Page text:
Ref: CTALK-2018-0071

Zooming in on the coronal poles with Solar Orbiter

Berghmans, David ; Seaton, Dan ; West, Matthew

Talk presented at Polar Perspectives Conference on 2018-09-26

Abstract: The ESA Solar Orbiter mission is designed to determine how the Sun creates and controls the heliosphere. The spacecraft will bring a combination of in situ and remote sensing instruments out of the ecliptic (>30°) and close to the sun (0.3 solar-radii). The Extreme Ultraviolet Imager is part of the remote-sensing package of Solar Orbiter, which will be operated during 3 periods of ten days during each 168-day orbit, nominally corresponding to perihelion and maximal solar latitude north and south. The Extreme Ultraviolet Imager is itself a suite of three UV and EUV telescopes that observe the solar atmosphere both globally as well as at very high resolution. EUI’s passbands cover the full range of conditions from the chromosphere to the outer corona. Thus EUI will observe and analyze the global morphology and local dynamics of the solar atmosphere, in particular at the base of the corona. A Full Sun Imager (FSI), working at the 17.4 nm and 30.4 nm EUV passbands, named “FSI174/304”, will provide a global view of the solar atmosphere and is therefore an essential building block for the “connection science” in the key science questions of the Solar Orbiter mission. FSI will provide the connection between the in-situ instruments and the remote sensing instruments that observe the solar surface and outer corona. The FSI FOV is large enough that the full solar disk remains in the field of view, even for maximal off-points by Solar Orbiter. This large FOV and the FSI’s high sensitivity will allow to image the “transition corona” where the topology of streamers and pseudo-streamers fades in the solar wind. Furthermore, FSI will be the first to image this from a polar perspective. FSI will also play an important supportive role when the spacecraft is located at the far side of the Sun: FSI images of the solar back-side showing the location of coronal holes and active regions will support the interpretation of in-situ solar wind data. Here we focus on the polar observations that EUI, and in particular FSI, will make from its out-of-ecliptic perspective. By manipulating existing EUV observations taken from within the ecliptic we anticipate the issues and opportunities that true polar observations will bring us.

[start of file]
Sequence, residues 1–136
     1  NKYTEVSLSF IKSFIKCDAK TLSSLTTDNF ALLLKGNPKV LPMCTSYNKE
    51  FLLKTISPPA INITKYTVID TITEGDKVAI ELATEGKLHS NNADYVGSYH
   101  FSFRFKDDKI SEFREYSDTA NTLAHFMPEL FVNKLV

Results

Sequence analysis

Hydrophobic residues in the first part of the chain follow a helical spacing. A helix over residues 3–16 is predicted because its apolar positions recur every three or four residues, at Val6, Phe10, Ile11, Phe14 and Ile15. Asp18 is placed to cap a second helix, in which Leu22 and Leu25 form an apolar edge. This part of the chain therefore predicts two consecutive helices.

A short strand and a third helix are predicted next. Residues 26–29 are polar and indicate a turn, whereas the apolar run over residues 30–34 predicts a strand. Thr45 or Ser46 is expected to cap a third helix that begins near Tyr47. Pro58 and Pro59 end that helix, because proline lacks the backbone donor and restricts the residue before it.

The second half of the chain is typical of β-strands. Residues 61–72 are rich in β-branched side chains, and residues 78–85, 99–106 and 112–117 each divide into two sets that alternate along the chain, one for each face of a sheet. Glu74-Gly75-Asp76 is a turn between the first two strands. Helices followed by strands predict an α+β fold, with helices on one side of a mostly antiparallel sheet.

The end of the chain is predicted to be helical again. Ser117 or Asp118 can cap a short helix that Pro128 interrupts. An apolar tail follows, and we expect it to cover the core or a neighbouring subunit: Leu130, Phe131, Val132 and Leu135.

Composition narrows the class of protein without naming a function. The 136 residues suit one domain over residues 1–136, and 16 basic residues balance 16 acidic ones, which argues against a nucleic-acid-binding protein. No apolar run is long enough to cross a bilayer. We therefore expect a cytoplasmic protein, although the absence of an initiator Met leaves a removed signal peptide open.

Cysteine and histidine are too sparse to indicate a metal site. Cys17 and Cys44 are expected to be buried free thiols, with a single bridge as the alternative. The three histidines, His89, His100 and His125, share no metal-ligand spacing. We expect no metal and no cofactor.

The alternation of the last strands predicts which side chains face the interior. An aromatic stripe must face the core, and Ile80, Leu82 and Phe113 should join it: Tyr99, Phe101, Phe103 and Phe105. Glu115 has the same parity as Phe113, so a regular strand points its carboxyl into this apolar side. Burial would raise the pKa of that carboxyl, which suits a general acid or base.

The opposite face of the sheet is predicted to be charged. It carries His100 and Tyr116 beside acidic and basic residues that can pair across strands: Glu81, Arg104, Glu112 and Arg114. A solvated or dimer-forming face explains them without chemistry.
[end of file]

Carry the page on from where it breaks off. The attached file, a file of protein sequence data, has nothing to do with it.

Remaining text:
Keyword(s): corona ; Solar Orbiter
Links: link

The record appears in these collections:
Conference Contributions & Seminars > Conference Talks > Contributed Talks
Royal Observatory of Belgium > Solar Physics & Space Weather (SIDC)
Solar-Terrestrial Centre of Excellence

 Record created 2018-10-03, last modified 2018-10-03

Download fulltext